# Amortization Schedule

An amortization schedule is a table that shows total payments to be made on an amortizing loan, the loan balance at the start of each period, total payment during each period bifurcated into (a) interest payment and (b) principal repayment and the closing balance of the loan at the end of each period.

Loan and debt instruments take different forms: some, such as bonds, require only interest payment periodically and the principal is paid at maturity; others, mainly money-market instruments such as promissory notes, pay both the interest and principal at maturity date. Amortizing loans, on the other hand, require periodic payments comprising of (a) the interest expense accrued on the loan for the period, and (b) an amount representing repayment of the principal. Leases and mortgages are typical examples of amortizing loans.

Amortization schedule is a valuable tool that helps us understand cash flows requirements, work out periodic interest expense and find out loan balance to report on the balance sheet. An amortization schedule normally shows periods in rows and the columns show the following items (a) opening balance, (b) total payment, (c) interest expense, (d) principal repayment and (e) closing balance.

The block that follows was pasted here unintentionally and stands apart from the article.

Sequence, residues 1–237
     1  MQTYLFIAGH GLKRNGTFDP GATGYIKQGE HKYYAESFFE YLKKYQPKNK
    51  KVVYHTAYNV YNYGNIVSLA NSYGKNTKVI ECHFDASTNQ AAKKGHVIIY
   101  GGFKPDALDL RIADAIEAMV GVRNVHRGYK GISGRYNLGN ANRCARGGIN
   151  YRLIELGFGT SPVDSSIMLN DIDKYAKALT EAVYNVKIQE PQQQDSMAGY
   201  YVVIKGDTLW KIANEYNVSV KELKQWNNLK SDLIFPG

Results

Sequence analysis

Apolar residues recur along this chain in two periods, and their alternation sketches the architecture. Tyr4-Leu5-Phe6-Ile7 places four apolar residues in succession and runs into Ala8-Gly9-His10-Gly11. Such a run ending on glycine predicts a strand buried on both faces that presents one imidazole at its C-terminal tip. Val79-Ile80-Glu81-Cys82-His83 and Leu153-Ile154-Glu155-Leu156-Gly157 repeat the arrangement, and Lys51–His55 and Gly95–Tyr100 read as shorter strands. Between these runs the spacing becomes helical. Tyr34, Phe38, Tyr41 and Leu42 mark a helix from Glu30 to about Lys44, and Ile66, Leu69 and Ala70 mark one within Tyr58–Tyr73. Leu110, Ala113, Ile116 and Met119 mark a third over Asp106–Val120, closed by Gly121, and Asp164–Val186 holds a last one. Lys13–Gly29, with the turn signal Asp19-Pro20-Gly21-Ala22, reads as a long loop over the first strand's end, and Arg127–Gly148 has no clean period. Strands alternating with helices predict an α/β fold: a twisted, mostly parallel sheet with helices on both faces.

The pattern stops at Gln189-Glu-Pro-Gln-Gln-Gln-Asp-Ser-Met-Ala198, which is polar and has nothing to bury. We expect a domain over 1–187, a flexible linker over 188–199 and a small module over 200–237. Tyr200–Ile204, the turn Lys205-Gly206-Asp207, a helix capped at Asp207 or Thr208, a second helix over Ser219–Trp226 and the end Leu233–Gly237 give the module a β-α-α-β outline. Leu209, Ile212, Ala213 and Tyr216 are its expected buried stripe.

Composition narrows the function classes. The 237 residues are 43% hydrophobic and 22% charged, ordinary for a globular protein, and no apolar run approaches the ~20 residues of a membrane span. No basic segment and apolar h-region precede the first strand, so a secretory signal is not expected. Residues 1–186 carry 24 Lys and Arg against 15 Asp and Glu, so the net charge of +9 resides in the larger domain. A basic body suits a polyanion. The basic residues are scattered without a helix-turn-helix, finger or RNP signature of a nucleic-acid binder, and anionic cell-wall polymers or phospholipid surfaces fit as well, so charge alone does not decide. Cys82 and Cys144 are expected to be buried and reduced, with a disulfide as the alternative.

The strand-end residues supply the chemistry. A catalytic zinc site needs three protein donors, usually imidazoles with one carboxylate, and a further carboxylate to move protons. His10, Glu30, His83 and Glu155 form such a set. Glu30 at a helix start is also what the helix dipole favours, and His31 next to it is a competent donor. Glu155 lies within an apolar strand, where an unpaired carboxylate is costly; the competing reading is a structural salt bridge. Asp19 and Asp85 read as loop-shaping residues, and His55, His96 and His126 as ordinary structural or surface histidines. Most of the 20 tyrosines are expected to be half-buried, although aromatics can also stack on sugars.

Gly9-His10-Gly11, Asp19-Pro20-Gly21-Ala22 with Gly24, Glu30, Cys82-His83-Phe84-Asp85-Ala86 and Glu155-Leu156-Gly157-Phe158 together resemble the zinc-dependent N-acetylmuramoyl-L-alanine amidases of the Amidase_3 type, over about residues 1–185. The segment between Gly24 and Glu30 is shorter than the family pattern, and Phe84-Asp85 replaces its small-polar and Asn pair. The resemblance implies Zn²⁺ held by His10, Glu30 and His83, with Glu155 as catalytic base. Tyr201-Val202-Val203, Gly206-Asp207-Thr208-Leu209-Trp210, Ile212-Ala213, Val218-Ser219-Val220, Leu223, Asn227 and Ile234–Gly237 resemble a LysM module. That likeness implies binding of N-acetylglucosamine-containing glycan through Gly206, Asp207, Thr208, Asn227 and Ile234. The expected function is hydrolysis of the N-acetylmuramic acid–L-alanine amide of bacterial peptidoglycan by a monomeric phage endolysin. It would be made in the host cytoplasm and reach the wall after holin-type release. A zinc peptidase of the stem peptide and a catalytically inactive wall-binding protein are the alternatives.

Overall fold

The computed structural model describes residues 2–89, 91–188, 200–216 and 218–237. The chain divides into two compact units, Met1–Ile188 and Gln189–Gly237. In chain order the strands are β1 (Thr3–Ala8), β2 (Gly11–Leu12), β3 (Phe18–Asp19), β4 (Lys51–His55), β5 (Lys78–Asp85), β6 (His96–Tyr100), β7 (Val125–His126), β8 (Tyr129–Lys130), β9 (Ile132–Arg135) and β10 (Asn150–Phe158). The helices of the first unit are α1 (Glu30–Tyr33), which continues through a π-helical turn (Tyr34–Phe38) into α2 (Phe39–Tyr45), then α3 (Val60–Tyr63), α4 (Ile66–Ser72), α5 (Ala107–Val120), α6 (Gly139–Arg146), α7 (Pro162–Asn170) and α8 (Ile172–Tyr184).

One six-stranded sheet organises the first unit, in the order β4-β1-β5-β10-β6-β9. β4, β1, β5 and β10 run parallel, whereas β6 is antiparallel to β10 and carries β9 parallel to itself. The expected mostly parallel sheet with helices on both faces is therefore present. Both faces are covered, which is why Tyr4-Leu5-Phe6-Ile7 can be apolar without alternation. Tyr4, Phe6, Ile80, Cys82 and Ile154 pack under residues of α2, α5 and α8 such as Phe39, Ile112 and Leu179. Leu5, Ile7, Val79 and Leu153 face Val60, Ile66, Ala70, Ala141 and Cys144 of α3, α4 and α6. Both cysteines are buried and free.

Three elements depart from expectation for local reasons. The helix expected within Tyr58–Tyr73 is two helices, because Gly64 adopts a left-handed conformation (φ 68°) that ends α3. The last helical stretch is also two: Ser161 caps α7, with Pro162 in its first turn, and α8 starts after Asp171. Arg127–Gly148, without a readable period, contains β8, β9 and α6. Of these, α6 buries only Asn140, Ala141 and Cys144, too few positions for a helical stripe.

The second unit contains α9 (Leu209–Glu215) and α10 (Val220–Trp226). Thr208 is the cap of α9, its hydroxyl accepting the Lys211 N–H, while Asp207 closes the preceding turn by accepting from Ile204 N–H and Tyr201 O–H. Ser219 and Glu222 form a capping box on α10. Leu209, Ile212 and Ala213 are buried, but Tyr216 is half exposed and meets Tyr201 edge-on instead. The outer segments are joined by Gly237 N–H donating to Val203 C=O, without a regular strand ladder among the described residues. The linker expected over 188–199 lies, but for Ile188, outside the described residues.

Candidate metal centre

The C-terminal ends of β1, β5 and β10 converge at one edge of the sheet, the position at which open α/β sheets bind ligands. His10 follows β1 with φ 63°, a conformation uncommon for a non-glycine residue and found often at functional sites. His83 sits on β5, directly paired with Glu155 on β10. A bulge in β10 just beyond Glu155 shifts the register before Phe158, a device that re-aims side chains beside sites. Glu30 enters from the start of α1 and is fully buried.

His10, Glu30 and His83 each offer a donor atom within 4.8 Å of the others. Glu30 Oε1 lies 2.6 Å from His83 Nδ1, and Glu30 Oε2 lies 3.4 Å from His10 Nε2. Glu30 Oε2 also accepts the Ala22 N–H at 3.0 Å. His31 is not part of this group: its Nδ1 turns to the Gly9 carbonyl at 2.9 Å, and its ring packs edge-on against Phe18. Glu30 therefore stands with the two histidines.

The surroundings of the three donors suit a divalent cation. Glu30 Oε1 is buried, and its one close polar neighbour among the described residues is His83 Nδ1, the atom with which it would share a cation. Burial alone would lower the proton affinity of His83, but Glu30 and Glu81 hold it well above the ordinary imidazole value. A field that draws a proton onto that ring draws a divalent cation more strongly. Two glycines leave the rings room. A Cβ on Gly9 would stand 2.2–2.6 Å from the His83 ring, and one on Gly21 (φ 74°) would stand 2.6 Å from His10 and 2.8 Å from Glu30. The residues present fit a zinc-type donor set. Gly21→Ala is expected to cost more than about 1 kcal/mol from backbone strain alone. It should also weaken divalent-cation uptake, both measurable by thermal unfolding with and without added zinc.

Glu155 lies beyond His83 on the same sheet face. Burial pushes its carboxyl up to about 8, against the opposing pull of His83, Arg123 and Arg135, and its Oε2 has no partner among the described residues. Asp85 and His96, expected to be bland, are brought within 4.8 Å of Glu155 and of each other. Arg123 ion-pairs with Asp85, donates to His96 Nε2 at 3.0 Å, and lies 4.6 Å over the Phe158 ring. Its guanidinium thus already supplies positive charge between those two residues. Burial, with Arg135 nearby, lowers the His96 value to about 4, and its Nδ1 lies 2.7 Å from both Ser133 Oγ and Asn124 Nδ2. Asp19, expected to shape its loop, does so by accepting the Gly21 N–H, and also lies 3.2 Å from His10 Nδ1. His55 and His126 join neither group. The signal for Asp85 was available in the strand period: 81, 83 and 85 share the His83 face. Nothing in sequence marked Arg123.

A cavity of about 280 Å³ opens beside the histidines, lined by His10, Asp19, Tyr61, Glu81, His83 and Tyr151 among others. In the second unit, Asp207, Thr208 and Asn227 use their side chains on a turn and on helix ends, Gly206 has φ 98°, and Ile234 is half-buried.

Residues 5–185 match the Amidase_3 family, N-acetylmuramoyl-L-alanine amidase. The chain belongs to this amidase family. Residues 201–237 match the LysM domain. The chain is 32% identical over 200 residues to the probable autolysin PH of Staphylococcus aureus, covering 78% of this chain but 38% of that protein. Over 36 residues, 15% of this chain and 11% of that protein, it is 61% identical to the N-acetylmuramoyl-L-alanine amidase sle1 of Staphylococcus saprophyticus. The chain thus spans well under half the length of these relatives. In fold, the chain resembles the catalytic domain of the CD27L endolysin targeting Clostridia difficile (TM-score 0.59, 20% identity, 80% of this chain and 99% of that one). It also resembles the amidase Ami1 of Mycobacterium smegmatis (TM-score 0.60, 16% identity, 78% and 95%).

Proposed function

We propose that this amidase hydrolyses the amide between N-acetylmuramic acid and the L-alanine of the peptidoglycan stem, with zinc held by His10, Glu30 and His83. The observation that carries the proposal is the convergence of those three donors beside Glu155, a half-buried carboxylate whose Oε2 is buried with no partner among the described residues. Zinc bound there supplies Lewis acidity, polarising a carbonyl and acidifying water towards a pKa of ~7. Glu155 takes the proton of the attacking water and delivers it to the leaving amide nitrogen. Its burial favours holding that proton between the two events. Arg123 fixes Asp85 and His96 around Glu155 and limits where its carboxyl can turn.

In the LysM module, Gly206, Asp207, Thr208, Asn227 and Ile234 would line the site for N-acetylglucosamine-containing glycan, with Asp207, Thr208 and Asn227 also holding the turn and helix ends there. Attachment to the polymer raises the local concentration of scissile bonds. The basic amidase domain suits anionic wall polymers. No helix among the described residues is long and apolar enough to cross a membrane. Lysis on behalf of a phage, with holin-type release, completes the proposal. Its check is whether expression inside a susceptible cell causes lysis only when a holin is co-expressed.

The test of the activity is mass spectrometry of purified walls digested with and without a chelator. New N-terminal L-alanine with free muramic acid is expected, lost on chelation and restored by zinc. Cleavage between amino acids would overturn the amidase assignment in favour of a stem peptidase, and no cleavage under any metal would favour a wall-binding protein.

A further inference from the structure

There are two types of amortization structures, the most common is where the total payment is fixed in each period and the interest component and principal repayment components fall over time; another structure is where the principal repayment is fixed for all periods and the interest and total payment figures change. We will discuss the loan amortization schedule that requires fixed total periodic payment.

## Calculations

The principal balance at the start of the loan term is straight-forward, it just equals the loan amount or present value of minimum lease payments. In each subsequent period, the opening loan balance equals the loan balance at the end of previous period.

Where the total payment in fixed for each period, the periodic payment can be found out using the present value of annuity formula. We need to find PMT in the following formula: